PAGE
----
Paul Volcker offers an anecdote in which he asks “one of the inventors of financial engineering” what his opinion is on “what all the financial engineering does for the economy and what it does for productivity.”
Much to my surprise, he leaned over and whispered in my ear that it does nothing — and this was from a leader in the world of financial engineering. I asked him what it did do, and he said that it moves around the rents in the financial system — and besides, it’s a lot of intellectual fun.
This leads Kevin Drum to wonder if anyone even bothers to mount an argument as to the value of modern financial engineering. In my experience, people who tackle this issue normally join Eugene Fama in attributing the world’s rapid post-1980 growth in part to financial innovation. The problem is that in the developed world, this rapid growth didn’t happen. Growth slowed down:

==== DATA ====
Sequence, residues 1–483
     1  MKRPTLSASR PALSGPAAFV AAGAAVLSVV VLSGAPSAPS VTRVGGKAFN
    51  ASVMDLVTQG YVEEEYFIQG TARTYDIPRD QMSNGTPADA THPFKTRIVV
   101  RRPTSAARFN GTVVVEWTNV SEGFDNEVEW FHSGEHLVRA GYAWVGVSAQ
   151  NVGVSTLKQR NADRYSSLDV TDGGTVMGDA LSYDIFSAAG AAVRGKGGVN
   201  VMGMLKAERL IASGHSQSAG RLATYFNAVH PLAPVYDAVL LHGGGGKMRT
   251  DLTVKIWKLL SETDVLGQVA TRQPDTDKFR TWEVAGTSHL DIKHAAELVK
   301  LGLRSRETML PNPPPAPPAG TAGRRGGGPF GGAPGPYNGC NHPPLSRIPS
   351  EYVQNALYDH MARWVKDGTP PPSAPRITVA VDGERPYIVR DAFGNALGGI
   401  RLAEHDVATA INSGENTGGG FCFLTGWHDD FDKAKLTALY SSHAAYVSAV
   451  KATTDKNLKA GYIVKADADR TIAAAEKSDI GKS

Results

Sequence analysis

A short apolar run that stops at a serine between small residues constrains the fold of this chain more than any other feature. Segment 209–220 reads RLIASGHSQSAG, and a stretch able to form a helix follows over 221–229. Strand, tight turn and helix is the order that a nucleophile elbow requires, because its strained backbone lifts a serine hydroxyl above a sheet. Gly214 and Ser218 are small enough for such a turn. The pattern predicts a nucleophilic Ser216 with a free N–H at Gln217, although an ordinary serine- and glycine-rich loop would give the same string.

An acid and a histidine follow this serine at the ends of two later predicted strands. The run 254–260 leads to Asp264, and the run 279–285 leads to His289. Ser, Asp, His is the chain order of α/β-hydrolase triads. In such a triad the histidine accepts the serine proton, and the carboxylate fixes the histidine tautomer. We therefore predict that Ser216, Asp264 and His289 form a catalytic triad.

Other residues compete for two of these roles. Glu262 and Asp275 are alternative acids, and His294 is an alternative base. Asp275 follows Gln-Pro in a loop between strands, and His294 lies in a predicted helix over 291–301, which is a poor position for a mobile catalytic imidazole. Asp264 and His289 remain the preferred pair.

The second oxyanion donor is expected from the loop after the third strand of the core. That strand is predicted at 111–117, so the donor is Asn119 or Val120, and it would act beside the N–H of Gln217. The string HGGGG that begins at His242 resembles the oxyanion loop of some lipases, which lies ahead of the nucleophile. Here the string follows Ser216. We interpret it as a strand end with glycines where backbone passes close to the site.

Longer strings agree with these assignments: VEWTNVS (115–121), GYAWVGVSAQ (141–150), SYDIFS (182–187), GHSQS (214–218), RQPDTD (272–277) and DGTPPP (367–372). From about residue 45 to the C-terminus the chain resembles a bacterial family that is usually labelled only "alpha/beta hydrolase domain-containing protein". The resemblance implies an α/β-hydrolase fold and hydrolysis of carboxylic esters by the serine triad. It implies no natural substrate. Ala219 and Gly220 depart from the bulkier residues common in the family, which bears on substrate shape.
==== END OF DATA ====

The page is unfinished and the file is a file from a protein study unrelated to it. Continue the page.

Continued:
The impressive thing about the past 30 years in the world economy has been rapid growth in the Asian “tiger” economies more recently joined by China and India. And it’s very impressive. But the policy factors that led to this growth takeoff are not that mysterious and don’t have anything to do with financial innovation.